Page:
Belafonte: A Man of Action : The singer-actor doesn’t hesitate to get involved, and he brings his multicultural thinking to his music with his group, Djoliba, in Costa Mesa this evening.


To understand the complexities of Harry Belafonte, it helps to think in terms of his obsessions: movies, music and outspoken activism.

Belafonte’s 1956 release “Calypso” was the first LP ever to sell a million copies. He’s starred in such films as “Island in the Sun,” “Uptown Saturday Night” and Otto Preminger’s “Carmen Jones.” He’s long been an outspoken champion of civil rights and has served as UNICEF Goodwill Ambassador since 1987.

Even as he discusses one of these passions in a phone conversation--finding suitable movie roles--the others surface.

“I find the playing field, for me, is really quite barren,” said Belafonte, who appears tonight with his band Djoliba at the Orange County Performing Arts Center.


“Most movies that deal to any depth in black subject matter always seem to be about contemporary urban street gangs, cocaine-pushing, community violence--movies that did much to romanticize the villainy in the community.

“Like what I’ve said about ‘New Jack City’: More often than not we’re being required to root for black villains and find something heroic in the them because they happen to be confronting white villains,” he said.

In spite of this harsh assessment, the 67-year-old performer is again finding films that interest him.

“I’d be hard-pressed to say that it’s indicative of some tide changing,” said the man who spent 17 years away from acting. “But perhaps Hollywood has found some gracious spot in its soul for a maturing black member of our American community who is deserving of the chance to say something he’s wanted to say for a long time.”



Belafonte has just finished “White Man’s Burden” with co-star John Travolta, a film that imagines a world where whites are the minority and blacks make up the ruling class. Next, he’ll be filming “Kansas City” for Robert Altman. He’s scheduled to make his directorial debut later this year with HBO’s “Black Tuesday,” the story of an African American soldier wrongly executed for rape in England.

He’ll direct “The Port Chicago Mutiny” and has two other writing-directing projects--"The Murder of Hound Dog Bates” and “The Legend of Stagolee,” in development. He also is co-producing Jonathan Demme’s film “Parting the Waters,” about America during the civil-rights movement of the ‘60s.

“When Sidney Poitier and I started turning out films back in the ‘50s, we came in at a time when Hollywood was showing blacks in very caricatured ways. We were either servants or we were buffoons. We were always doing the most minimal things in service of white society. The process had just begun to open up; there was protest in the air.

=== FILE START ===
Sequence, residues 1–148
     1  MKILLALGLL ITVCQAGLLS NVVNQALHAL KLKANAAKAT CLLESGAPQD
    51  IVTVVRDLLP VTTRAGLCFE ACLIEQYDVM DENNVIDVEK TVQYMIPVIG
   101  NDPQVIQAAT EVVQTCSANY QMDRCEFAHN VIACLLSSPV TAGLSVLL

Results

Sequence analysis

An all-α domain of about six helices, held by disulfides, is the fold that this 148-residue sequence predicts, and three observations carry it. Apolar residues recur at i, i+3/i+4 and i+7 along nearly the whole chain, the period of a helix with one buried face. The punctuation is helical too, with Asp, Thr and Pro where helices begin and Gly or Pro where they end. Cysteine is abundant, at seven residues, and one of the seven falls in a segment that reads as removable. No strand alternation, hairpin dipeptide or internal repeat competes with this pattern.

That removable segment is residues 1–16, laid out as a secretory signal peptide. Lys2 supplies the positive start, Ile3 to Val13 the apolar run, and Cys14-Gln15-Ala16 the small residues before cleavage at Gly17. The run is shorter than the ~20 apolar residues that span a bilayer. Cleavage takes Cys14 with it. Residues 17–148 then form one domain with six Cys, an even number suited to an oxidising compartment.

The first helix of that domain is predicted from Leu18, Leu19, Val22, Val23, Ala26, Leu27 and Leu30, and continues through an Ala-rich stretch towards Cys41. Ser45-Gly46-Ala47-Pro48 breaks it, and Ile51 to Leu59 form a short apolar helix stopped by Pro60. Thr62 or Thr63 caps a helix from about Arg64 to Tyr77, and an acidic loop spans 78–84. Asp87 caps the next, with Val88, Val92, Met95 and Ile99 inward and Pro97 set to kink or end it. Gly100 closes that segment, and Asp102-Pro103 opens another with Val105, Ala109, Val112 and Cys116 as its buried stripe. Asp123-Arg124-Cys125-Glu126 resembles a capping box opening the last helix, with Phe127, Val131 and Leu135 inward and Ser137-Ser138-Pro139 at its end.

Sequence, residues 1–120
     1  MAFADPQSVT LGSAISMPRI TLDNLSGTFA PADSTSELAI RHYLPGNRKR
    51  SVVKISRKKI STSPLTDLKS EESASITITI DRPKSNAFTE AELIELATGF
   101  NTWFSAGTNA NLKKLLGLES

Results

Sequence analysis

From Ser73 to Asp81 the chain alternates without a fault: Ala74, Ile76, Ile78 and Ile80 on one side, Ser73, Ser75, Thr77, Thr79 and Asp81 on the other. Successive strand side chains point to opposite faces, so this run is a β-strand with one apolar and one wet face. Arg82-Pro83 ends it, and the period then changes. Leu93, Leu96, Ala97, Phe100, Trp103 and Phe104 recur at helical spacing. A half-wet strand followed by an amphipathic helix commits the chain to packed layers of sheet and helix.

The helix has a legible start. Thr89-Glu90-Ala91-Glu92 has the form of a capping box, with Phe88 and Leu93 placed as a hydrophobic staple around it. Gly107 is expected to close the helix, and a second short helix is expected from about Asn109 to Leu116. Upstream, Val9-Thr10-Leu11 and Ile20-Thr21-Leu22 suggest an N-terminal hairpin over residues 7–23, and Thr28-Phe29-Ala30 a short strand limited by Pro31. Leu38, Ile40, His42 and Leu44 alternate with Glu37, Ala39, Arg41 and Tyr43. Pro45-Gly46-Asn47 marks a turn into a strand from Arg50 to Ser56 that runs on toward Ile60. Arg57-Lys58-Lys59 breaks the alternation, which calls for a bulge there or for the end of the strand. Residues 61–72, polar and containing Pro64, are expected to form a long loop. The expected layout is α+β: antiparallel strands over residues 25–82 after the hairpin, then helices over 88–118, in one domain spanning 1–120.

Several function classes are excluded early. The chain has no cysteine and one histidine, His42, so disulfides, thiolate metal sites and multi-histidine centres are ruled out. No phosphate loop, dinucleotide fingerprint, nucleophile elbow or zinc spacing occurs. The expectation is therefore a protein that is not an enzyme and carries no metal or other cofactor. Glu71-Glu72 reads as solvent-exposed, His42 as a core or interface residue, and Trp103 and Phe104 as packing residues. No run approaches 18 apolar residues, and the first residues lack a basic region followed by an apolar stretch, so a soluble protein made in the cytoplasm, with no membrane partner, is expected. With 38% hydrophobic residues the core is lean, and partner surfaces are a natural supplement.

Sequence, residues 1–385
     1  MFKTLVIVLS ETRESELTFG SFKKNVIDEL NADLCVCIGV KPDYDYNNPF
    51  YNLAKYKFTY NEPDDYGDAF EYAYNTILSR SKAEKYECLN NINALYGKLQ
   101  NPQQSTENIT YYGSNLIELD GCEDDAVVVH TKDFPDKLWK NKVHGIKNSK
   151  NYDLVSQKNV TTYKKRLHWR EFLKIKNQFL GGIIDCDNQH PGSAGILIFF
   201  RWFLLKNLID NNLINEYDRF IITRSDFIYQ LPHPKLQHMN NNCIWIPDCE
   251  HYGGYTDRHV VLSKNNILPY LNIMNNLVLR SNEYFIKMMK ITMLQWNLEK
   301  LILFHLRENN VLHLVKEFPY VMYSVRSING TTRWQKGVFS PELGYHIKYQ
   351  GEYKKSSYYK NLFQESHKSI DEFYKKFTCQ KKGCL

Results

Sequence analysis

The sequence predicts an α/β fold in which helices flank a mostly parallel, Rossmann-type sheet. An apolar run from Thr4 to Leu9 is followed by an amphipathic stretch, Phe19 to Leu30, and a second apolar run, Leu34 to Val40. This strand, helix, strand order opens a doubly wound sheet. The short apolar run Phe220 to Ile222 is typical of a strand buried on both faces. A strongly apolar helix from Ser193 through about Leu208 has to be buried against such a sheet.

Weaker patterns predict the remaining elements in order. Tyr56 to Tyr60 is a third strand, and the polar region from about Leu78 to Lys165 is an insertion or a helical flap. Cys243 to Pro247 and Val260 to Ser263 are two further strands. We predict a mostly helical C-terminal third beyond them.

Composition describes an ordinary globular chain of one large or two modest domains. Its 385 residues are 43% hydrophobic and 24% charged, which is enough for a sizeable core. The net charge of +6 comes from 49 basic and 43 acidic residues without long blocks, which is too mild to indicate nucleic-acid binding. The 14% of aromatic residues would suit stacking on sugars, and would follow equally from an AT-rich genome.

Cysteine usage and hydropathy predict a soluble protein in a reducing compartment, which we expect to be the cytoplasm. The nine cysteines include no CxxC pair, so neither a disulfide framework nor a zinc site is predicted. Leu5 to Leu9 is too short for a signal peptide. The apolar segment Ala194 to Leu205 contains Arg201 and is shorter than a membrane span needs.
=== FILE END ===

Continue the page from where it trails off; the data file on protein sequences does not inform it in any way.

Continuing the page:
“When I joined the civil-rights movement, I knew there was a selfish aspect to that journey on my part. If we could only change America, it would necessarily force Hollywood to change its perception of black people. And it did that for a significant length of time.

“But that vigilance eventually subsided, and little by little this thing has creeped back in so that today we have another type of caricature, another kind of debased, negative presentation. And an entire young black generation has embraced it somehow as the model of what life is about.”

When he reflects on the roots of his activism, Belafonte finds a number of influences.

“My background has an awful lot to do with it,” he said. “I grew up in Harlem, born in poverty. My parents had a tumultuous life that was filled with deprivation, absence of opportunity. Much of (my activism) comes from my mother’s strength and her own feisty resistance to oppression.


“But much of it has to do with my own personality. A lot of people come out of oppression and never want to deal with it again. And there are others who come out prepared to do battle for the rest of their lives against the pain and inequity.”

With his new group, Djoliba, Belafonte brings his multicultural thinking to his music.

“The players come from all over the globe. . . . I hoped that these descendants of the African Diaspora would bring different concepts and rhythms to the band, and points of view, that would produce a new kind of sound, not so different than that achieved by Paul Simon and (his 1986 album) ‘Graceland.’ ”

The current musical tour gives Belafonte a chance to make up some dates he canceled because of his increasing film commitments.

“I won’t be doing much with music in the next three or four years,” he said. “If the picture thing continues to escalate . . . I’ll commit myself to film. Singing wasn’t what I started out in life to be. I always wanted to be an actor.”

* Harry Belafonte appears tonight at the Orange County Performing Arts Center, 600 Town Center Drive, Costa Mesa. 8 p.m. $26-$46. (714) 556-2787.